This article originally posted at WNST.net
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First of all, it’s important to remember that people’s lives and livelihoods are at stake here. The last thing on anyone’s mind in the state of Texas is: “where are the Texans going to play this week?” I’ll echo Vince’s opinion that this whole incident goes way beyond a football game. But, many of us are worried about how this will affect our football team. You shouldn’t feel bad about that because it’s a legitimate concern…at the same time, it’s important to keep things in perspective.
I wanted to reserve my opinions about this topic until everything had been finalized, even though I had a feeling deep inside my gut that this wouldn’t work out.
Now that we know the game will not be played in Houston on Monday night, I think that now is the time to evaluate exactly how good of a job the NFL has done to rectify situations like this one.
I think that our sheer geographical distance from hurricane-threatened areas softens our view on the entire situation. We don’t quite understand what it’s like to have our homes, families, pets, and friends threatened by Mother Nature every fall.
It’s one thing to watch floods, power-outages, and hurricane-force winds on television. Living through it and experiencing it is completely different.
But you would think that after the Katrina incident, the NFL would have learned from its mistakes. You would think that people in the front office would be smart enough to draft some sort of contingency plan if this were to ever happen again. And when you combine the Earth’s natural hurricane cycle and global warming, you would be naïve to assume that we wouldn’t run into a similar situation in the near future. Maybe not in New Orleans, but how about Miami? Tampa? Jacksonville? Atlanta? Carolina? Dallas?
It would be nearly impossible to set a policy in stone, because different cities experience different problems when it comes to hurricanes. But you would think that there would be at least a rough draft of an emergency plan.
I understand the NFL’s reason for doing what they did, I just don’t think it was very practical to begin with. They didn’t think that Hurricane Ike would be this devastating to Houston, so they thought they’d push it back a day. This way, the Texans keep their home game and gain the revenue.
But why take the risk? I guess Roger Goodell thinks he’s smarter than meteorologists and Mother Nature.
As we’ve all seen in our lifetime, whether it be the numerous hurricanes that have wreaked havoc on the eastern seaboard, or even something as recent as the great tsunami that wiped out most of coastal Asia, Mother Nature is unpredictable and her wrath is furious.
I’ve studied Biology at the college/graduate level for more than five years now. And if I had to tell you one thing that I’ve taken away from it all, it’s that science is not an exact science. Science is not fact. Most of science is theory, and that includes meteorology and the weather forecast, which is why you hear so many people complain about the weather and curse the weather man for, in actuality, doing the best he can with the information available.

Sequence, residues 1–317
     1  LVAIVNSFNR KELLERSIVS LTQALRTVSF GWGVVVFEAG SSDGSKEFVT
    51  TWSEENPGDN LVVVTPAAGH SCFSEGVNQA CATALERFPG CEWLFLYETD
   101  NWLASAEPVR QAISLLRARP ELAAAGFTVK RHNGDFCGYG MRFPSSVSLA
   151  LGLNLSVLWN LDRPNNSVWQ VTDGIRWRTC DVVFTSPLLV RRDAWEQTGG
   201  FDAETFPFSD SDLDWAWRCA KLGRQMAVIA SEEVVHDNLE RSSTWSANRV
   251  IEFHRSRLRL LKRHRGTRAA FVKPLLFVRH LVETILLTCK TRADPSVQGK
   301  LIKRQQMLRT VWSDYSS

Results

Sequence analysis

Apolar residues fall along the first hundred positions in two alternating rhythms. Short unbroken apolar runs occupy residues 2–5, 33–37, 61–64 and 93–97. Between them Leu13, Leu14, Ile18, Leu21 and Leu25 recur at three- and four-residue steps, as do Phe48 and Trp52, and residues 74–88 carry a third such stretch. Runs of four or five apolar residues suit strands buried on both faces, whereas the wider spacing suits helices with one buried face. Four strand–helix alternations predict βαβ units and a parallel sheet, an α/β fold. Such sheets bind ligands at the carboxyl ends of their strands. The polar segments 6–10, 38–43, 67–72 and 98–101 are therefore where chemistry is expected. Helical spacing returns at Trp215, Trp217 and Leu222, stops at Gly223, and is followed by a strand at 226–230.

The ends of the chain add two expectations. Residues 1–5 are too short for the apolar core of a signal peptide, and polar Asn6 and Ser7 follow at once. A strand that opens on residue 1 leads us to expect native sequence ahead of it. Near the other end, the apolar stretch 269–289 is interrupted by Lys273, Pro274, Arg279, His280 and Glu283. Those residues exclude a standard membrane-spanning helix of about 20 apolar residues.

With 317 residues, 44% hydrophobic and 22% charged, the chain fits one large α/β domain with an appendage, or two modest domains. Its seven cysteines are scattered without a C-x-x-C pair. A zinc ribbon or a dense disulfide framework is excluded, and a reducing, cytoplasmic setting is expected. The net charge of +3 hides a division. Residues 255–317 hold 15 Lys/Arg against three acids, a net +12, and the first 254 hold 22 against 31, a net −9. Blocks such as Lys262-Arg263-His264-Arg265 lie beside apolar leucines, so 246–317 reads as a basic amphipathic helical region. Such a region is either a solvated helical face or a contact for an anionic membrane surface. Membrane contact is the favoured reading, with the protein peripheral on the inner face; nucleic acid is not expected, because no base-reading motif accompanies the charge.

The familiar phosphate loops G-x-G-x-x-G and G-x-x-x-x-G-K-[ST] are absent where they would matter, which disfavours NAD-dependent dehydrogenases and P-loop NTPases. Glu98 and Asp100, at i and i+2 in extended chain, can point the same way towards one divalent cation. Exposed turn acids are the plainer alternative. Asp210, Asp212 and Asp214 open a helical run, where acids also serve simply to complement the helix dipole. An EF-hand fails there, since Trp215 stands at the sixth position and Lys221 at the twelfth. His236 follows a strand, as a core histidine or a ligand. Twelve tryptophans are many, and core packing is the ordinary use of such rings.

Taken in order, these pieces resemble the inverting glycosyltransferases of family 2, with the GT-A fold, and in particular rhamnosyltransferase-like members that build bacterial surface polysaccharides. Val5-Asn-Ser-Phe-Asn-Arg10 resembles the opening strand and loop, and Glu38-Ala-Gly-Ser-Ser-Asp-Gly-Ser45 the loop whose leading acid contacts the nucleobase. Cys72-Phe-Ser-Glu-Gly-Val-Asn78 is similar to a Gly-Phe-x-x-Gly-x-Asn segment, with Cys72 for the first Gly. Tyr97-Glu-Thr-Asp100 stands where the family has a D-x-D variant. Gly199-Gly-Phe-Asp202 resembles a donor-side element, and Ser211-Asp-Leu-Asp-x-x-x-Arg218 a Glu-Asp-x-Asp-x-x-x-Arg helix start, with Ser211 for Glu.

Why would the NFL assume that everything would be A-OK 24 hours after a hurricane hit? Did they learn nothing from Katrina?
Here’s just a rough draft of an NFL Emergency Action Plan that I think could work in the case of hurricanes:
There are fifteen games being played in fifteen stadiums this week in the NFL, not including the Ravens/Texans showdown. The NFL should take 10% of the revenue from each stadium and donate 7% of the original 10 to the hurricane victims. Use the remaining 3% of the original 10 to cover most or all of the expenses of hosting the game at its originally scheduled time in the nearest vacant unaffected stadium.
And don’t tell me they couldn’t have seen this coming. We all saw how Ike was pummeling Cuba on Thursday, and that’s certainly enough time for a huge organization like the NFL to relocate one game.
I realize that may be hard to do because the other schedules would not change and it would take a few days to get the extra revenue to the deserving parties. But something tells me that the NFL wouldn’t have a problem allocating the proper funds to get it done on that day, especially with the promise of having it reimbursed by the other teams later.
Yes, in this case, that would take a home game away from the Texans, but it’s the lesser of two evils. It’s certainly much better than forcing New Orleans to have a “home game” in the Meadowlands like they did after Katrina…that was just absurd. Playing this game in Baltimore would be grossly unfair to the Texans organization and their fans.
Like a lot of crazy things I draw up in the old noodle, this makes sense to ME…but there’s gotta be something I’m missing. It just seems too easy, and I’d like to think that the NFL execs are smarter than I am…maybe I’m missing something and maybe you can help me out…
In any event, my thoughts and prayers are with the victims of this disaster and I hope that all of your loved ones are safe.
Talk to you later this week.
As a side note, this will be my last blog here on armchairgm.com. I've enjoyed some of my experiences here, but this website is being run into the ground by poisonous, hateful articles and comments. It's also become saturated with poorly-written/researched articles and is starting to resemble deadspin...what was once a great idea has become an utter joke and a complete waste of time. I wish you all (ahem...I mean some of you) the best.